The construction and built environment sector

The construction industry has had its ups and downs over recent years.  However, in Norfolk and the East of England there is much house building planned for the coming years.  The number of jobs within some roles is expected to grow, however there are also jobs such as electrician where the number of jobs isn’t expected to rise but skilled people will be needed to replace those who leave.

 

What is happening?

  • Between 2018 and 2021 it’s predicted there will be 3,970 new jobs each year in the East of England.  Roles most in demand include: electrical trades, painters and decorators, wood trades and interior fitters, civil engineers, and other construction professional and technical staff.  
  • Over 70,000 people are employed in construction and related occupations across Norfolk and Suffolk
  • 117,000 new homes are targeted to be built in Norfolk and Suffolk by 2026.  This will create many new jobs in the construction sector.
  • Environmental targets and new materials and technologies means there are some exciting new areas to work in such as intelligent buildings and 3D modelling and printing.
  • The new reactor planned for Sizewell C in Suffolk will be the largest civil engineering building project in Europe with many jobs in construction and engineering.
  • The number of women starting a career in construction is growing, as is the number of self-employed - currently at around 40% of people working in construction.
  • Apprenticeships are a good way into this sector and there are around 90 different types to choose from: also look out for courses in heritage craft skills for the opportunity to work on older buildings.
  • The National Construction College, whose headquarters are at Bircham Newton near King’s Lynn, is a national centre for training in construction trades and offers a superb environment and a wide range of training courses.

Skills and qualities

  • Communication
  • Advanced digital and ICT skills
  • Problem solving
  • Leadership and management
  • Maths
  • Attention to detail
  • Team working
  • Planning & organisation
  • Reliability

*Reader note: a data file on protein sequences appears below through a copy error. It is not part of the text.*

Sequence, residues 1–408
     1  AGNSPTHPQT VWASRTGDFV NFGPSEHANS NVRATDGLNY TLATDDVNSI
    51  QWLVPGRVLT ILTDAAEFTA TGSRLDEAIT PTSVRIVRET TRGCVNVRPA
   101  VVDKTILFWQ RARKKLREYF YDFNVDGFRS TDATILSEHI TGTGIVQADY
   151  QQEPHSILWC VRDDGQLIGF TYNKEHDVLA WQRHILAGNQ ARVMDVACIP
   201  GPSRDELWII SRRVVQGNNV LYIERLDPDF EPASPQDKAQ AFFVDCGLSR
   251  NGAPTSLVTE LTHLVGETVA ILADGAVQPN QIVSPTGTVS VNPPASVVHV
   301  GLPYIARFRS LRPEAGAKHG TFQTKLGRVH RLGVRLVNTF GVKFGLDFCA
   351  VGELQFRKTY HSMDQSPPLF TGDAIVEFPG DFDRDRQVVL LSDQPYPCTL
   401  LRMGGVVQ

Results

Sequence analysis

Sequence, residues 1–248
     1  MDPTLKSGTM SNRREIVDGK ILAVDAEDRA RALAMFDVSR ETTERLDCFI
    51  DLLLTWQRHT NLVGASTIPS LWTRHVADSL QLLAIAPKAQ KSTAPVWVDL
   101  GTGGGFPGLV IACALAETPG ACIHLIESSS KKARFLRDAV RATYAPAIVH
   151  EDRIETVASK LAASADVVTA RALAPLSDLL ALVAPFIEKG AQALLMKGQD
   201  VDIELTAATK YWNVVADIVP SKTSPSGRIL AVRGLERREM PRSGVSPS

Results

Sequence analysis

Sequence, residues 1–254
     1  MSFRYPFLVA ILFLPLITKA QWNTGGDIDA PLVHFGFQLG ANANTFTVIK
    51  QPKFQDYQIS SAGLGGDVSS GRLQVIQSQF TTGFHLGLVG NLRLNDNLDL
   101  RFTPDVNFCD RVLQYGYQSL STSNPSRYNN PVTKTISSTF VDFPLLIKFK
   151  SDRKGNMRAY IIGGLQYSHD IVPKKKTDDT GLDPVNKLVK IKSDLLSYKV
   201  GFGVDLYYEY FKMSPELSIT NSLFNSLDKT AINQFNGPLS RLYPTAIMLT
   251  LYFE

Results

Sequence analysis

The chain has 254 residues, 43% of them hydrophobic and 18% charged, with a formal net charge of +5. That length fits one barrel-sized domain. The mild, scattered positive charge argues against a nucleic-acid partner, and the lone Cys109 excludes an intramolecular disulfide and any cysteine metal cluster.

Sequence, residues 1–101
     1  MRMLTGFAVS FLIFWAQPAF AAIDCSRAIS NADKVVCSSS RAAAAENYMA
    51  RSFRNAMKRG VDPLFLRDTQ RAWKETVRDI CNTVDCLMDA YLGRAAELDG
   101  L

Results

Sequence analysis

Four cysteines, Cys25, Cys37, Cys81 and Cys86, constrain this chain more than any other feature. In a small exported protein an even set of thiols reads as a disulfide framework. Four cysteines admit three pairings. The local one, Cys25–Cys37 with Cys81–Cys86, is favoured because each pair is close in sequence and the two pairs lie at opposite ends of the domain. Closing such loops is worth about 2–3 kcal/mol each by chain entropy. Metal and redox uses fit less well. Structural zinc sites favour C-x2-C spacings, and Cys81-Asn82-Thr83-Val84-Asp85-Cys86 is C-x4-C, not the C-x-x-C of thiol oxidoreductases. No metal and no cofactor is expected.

• Design
 

Useful subjects

  • Maths
  • Physics
  • Design & technology
  • ICT
  • Science
  • Chemistry
  • Business studies
  • Languages
 
 

What could you earn?

Painter and decorator £15,700 - £29,300
Bricklayer £18,150 - £27,450
Carpenter or joiner £17,450 - £32,700
Plumbing/heating and ventilation engineer £20,500 - £37,550
Roofer £21,200 - £28,150
Electrician £18,850 - £44,650
Construction project manager £23,250 - £46,000
Architect £24,050 - £51,600
Civil engineer

£27,100 - £52,050

Quantity surveyor £22,050 - £49,400

Local employers

 

Pathways into this sector

Getting good grades in maths, English and STEM subjects will help you to get into this sector and keep your career options open.

At 16, options include A levels, an apprenticeship or a vocational qualification at level 1, 2 or 3 perhaps in a craft skill such as bricklaying or carpentry and joinery. Entry requirements for apprenticeships can vary so check first.

At 18 or 19, you could opt to study for a relevant degree at university or train through an apprenticeship.  Higher or degree apprenticeships are an option for some roles and more will be available soon.  Specialist courses are also available, for example in heritage and traditional building skills.

You could also consider if applying for an apprenticeship or graduate programme might be for you.  Many large employers offer places in a variety of careers and locations.  These can be highly competitive so start looking early when applications become open - usually around the beginning of the year.

Gaining relevant experience, such as work experience, a paid job or voluntary work will also improve your chances of finding a job in this sector.  You must hold a Construction Skills Certification Scheme (CSCS) card or equivalent to work on a site.

Alternative routes into this sector

If you don't yet have the skills, confidence or experience to progress into further education courses or get an apprenticeship in this sector, you could consider a traineeship or other short course - a course with work experience that can help prepare you for further education, work or an apprenticeship.

On Help You Choose you can find information on courses, apprenticeships and other options.

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